Classic lapels today can be close (Like Orazio Luciano, Liverano, or B&Tailor) but you can see that the notches are placed too high, the notch “mouth”/angle is different, and the edges are sharp. The only ones that come close to the 1930s-1940s style is Steed (high notch, but good lapel shape and blunted edges) and Sastreria Serna (fantastic all around).
One of the reasons I seldom pursue MTM or bespoke brands is because I am highly picky over my lapels. If its RTW, I’m okay with the house style. Custom is another matter. My ultimate dream is to create a suit to my specifications, not get a house style suit made specifically me. Tailors can have cool pockets and fit details, but not many will change their lapel style, especially when it’s radically different than what they’re used to. For now, I’ll stick to vintage!
Ahhhh yes, the belt back. Most people have the misconception that vintage suits were baggy and ill fitting; that could not be further from the truth. Instead of mainly utilizing the side seams and darts on a jacket to create waist suppression, tailors would often employ the use of a half-belt on the back of the jacket to take in the extra fabric. In most cases, the extra fabric was then turned into pleats in order to allow for more movement without sacrificing waist suppression. It then erupted into a novelty, with brands advertising crazy action backs to set them apart from their competitors.
It’s important to remember that belt-backs are entirely functional. With a high armhole, no vent (for a form fitting jacket), and pleats in the back (whether in the center or near the sleeve-head, which is called a bi-swing) you are allowed great movement in the arms and body that you definitely can’t do today. This is what made them “sportcoats” since you were allowed to be active in it, though full suits would still make use of it. I distinctly remember a golf advertisement that made use of the the action back.
Unfortunately this craftsmanship went out in the mid 1940’s due to fabric rationing during WWII. It didn’t catch back on until the late 60s and early 70s, when it came back again in a small way. By then, belt backs were much more of a novelty rather than a craftsmanship and utilitarian detail, so they fell out of fashion again. Plus the 60s and 70s never really got the look right and the complex pleatings never returned. The detail is survived today only in overcoats and leather jackets. Imagine how much more comfortable guys would be in a suit if their jacket had a belt back!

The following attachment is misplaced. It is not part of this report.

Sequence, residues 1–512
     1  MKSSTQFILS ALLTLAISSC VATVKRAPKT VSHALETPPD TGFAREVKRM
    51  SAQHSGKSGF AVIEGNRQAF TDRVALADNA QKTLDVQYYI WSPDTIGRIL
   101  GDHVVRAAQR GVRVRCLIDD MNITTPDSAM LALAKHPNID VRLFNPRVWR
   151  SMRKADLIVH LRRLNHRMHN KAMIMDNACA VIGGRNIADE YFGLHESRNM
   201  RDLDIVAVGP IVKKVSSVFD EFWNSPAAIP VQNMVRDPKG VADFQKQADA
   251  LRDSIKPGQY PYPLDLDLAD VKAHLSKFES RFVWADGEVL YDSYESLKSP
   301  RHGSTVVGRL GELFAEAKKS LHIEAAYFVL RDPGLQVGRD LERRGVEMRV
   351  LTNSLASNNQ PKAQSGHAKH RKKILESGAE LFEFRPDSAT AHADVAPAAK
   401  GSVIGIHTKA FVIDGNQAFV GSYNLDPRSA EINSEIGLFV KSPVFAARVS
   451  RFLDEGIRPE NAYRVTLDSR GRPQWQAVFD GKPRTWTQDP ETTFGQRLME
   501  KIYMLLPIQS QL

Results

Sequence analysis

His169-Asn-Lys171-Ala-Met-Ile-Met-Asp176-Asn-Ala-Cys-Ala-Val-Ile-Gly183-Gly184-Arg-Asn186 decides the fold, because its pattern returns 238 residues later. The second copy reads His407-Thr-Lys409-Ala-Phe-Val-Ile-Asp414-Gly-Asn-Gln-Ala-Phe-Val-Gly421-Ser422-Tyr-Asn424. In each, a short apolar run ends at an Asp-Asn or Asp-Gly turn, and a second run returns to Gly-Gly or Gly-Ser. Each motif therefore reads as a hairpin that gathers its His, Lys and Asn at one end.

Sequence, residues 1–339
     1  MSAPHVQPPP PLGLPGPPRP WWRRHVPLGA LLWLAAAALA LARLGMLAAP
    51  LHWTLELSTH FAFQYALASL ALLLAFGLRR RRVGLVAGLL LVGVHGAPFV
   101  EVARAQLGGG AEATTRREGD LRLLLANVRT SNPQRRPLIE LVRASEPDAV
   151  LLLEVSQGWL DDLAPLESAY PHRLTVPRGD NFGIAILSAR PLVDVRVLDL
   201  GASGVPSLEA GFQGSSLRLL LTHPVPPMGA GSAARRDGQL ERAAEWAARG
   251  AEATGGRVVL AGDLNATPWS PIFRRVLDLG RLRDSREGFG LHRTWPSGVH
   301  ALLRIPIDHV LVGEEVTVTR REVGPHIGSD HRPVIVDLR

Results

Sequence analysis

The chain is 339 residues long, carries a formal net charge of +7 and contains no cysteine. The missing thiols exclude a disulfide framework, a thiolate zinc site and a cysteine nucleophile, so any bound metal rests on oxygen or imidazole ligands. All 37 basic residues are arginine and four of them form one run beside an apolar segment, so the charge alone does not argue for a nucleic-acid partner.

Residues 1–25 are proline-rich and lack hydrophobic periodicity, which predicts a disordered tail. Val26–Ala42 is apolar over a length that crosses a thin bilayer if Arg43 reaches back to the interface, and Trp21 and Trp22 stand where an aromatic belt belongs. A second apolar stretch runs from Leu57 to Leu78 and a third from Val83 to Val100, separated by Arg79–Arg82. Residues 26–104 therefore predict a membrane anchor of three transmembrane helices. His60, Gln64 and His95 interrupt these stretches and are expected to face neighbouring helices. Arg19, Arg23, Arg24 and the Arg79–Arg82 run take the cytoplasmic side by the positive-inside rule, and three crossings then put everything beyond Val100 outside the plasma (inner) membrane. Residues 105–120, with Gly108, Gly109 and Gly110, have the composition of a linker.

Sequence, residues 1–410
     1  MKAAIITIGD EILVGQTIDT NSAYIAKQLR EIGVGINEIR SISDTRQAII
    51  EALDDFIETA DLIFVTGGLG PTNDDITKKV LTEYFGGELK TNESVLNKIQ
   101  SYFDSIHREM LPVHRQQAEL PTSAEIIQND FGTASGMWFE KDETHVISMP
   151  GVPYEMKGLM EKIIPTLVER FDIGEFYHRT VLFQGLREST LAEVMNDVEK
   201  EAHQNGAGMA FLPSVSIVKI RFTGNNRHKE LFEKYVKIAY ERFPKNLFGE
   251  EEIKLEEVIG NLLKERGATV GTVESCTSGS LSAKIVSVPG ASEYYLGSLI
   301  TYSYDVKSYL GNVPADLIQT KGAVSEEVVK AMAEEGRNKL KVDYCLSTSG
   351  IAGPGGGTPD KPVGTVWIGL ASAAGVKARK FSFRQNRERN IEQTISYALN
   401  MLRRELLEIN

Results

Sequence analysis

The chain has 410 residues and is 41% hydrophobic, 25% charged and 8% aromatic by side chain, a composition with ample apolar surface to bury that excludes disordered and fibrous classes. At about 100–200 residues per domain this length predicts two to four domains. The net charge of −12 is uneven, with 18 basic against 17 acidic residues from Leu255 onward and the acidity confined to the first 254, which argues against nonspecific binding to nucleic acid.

I will admit that the look isn’t for everyone, since menswear in general is focused on being “clean” instead of utilitarian or even creative. Some people have said it’s ugly and ruins the clean line running down the back of a jacket, but I like it. It’s a cool, beautiful detail that makes the garment extremely interesting and very rare.
I’ve seen it done a few times today, but never in the crazy complex way that they did in the 1930s-1940s. I would love it if a suit could be made like this today, but I expect that it works best with low count, heavy, drape-y fabrics. The current predilection for superfine wools will probably not work for a belt back.
Related to the belt back are pleated fronts, a short-lived detail that is even more rare. Like the belt back, it allows for more movement while preserving waist suppression; the only difference is that it is displayed on the front of the jacket. It’s a gorgeous detail that I also doubt many tailors will know how to do in the style of the 1930s-1940s.
Patch Pockets on DBs
A lot of guys today view DBs as the “formal” suit due to it’s peak lapels and “vintage nature”. As a result, they can’t really wrap their heads around having a DB with patch pockets, a detail that is “normally” reserved for casual jackets and suits. However, patch pockets have been used on DBs since the 1920s, without any correlation between formal and casual. Because I like putting my hands in my pockets , I prefer having patch pockets on everything, including DBs which are my favorite type of jacket. It’s such a cool detail that you never see anymore. The triple-patch pocket DB is even more elusive, which turns the DB into a 4×2 since you need to remove the decorative breast buttons to make room for the pocket. I think that makes the jacket even better, as it is now more easily used as an odd jacket. Fuckin’ dope.